Jamie: "This is a fantastically simple fish pie which doesn't involve poaching the fish or making a tedious white sauce. Loads of good, fragrant veg are added quickly by grating them in. You can use whatever fish you like, making this as luxurious as you want it to be. If you like your fish pie to be creamy, feel free to add a few tablespoons of crème fraîche to the fish.
P.S. Some of the supermarkets now offer lovely packs of different fish and shellfish for using in fish pies. Keep a look-out, and if you buy one you want it to be about 700-750g in weight for this recipe."
Taken from Jamie's Ministry of Food.
Preheat the oven to 200°C/400°F/gas 6 and bring a large pan of salted water to the boil. Peel the potatoes and cut into 2cm chunks.
Once the water is boiling, add your potatoes and cook for around 12 minutes until soft (you can stick your knife into them to check). Meanwhile, get yourself a deep baking tray or earthenware dish and stand a box grater in it. Peel the carrot. Grate the celery, carrot and Cheddar on the coarse side of the grater. Use the fine side of the grater to grate the zest from the lemon. Finely grate or chop your chilli. Finely chop the parsley leaves and stalks and add these to the tray.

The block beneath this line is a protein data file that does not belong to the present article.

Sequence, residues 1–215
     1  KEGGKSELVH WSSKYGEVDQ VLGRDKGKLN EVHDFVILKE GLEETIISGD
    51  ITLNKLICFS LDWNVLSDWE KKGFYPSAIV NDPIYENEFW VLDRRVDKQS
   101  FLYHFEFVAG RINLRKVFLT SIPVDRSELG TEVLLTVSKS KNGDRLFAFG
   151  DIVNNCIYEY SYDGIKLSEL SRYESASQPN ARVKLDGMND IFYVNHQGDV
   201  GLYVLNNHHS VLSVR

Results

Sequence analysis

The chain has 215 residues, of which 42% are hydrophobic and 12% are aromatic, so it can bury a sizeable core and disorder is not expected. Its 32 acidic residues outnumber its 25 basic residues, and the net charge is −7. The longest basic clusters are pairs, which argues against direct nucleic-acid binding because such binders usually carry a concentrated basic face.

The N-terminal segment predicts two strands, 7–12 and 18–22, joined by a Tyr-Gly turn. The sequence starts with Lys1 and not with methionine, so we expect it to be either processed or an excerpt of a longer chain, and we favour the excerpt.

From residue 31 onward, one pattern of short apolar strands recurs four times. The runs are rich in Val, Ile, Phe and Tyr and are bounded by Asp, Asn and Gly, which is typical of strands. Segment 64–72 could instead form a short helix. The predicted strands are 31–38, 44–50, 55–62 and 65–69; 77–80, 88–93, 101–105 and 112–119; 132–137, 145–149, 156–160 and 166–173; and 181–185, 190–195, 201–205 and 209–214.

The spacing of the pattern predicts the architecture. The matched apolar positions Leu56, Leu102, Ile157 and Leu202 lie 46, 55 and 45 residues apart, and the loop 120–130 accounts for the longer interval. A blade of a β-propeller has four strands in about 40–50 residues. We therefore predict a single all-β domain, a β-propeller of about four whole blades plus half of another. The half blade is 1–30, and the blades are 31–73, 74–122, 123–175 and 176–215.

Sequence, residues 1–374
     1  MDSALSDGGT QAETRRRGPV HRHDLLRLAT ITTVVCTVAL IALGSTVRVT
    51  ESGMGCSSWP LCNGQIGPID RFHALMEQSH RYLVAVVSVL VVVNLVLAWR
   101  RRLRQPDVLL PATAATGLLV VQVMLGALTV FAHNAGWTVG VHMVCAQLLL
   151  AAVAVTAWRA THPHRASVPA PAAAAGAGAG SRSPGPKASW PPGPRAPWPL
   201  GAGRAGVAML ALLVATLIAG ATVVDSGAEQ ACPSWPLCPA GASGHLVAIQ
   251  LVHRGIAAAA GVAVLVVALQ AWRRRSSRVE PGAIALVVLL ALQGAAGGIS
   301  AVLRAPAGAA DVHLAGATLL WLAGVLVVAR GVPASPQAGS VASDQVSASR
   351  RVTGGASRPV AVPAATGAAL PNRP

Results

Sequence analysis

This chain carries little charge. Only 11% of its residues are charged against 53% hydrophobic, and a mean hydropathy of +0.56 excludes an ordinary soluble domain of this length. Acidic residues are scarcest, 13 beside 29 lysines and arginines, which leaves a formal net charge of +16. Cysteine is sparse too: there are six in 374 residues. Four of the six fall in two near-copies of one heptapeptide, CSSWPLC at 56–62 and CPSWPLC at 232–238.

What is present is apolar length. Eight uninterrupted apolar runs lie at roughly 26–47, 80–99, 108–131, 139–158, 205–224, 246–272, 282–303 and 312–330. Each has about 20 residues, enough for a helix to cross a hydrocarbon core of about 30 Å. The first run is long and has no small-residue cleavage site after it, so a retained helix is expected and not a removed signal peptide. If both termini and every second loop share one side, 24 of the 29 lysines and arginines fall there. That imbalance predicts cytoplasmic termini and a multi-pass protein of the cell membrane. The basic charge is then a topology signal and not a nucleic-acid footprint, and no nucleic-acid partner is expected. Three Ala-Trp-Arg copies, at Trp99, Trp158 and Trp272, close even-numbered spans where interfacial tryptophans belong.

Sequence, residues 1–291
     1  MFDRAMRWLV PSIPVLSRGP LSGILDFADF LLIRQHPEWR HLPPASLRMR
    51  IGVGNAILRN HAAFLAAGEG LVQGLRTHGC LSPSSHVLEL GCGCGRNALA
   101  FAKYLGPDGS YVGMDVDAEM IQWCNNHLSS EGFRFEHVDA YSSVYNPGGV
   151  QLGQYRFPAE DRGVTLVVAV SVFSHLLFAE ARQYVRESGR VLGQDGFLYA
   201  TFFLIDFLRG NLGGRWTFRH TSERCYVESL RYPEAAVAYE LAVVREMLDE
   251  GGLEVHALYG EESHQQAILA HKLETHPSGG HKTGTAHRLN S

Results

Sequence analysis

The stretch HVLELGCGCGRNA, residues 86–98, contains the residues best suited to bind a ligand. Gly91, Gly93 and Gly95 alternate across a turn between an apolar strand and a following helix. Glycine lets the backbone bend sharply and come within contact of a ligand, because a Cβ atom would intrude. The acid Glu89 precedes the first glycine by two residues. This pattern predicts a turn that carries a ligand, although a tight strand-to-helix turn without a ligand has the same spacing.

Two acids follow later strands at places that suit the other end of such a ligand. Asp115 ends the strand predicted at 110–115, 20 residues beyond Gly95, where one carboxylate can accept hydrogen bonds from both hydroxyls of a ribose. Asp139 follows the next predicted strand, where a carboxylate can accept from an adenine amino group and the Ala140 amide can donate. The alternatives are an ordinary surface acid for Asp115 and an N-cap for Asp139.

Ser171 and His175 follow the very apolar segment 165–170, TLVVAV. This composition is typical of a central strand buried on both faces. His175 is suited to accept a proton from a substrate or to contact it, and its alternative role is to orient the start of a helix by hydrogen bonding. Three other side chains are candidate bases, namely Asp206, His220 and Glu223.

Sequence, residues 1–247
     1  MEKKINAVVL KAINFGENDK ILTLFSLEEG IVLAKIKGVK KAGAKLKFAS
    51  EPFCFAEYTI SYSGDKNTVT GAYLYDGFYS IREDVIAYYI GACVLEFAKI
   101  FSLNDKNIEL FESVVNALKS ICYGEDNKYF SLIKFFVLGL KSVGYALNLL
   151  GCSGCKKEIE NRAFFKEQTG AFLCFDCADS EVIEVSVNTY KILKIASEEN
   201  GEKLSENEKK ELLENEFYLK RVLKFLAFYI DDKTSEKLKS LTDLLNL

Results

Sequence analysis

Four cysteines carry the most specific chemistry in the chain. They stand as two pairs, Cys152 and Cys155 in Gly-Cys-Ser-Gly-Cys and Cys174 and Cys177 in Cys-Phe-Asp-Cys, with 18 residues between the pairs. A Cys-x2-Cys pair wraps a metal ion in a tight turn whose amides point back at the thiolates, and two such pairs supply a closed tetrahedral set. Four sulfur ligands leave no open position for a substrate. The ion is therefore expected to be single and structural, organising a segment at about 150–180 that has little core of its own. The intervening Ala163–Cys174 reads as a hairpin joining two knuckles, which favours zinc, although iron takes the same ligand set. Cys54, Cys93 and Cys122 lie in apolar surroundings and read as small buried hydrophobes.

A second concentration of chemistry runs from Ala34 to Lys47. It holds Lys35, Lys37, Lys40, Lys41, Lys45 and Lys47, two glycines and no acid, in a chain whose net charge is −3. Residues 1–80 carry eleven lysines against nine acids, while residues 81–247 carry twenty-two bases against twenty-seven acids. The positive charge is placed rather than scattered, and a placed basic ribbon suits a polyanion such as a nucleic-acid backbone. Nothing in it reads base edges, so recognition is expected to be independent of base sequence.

Cut the salmon and smoked haddock into bite-size chunks and add to the tray with the prawns. Squeeze over the juice from the zested lemon (no pips please!), drizzle with olive oil and add a good pinch of salt and pepper.
If you want to add any spinach or tomatoes, do it now. Mix everything together really well.
By now your potatoes should be cooked, so drain them in a colander and return them to the pan. Drizzle with a couple of good lugs of olive oil and add a pinch of salt and pepper. Mash until nice and smooth, then spread evenly over the top of the fish and grated veg.
Place in the preheated oven for around 40 minutes, or until cooked through, crispy and golden on top. Serve piping hot with tomato ketchup, baked beans, steamed veg or a lovely green salad.
* Salmon, cod and tuna are severely threatened by over-fishing. There are a number of sustainable and just as tasty species that work equally well in the above recipe - in some cases they can even be cheaper. See channel4.com/fish for more information.
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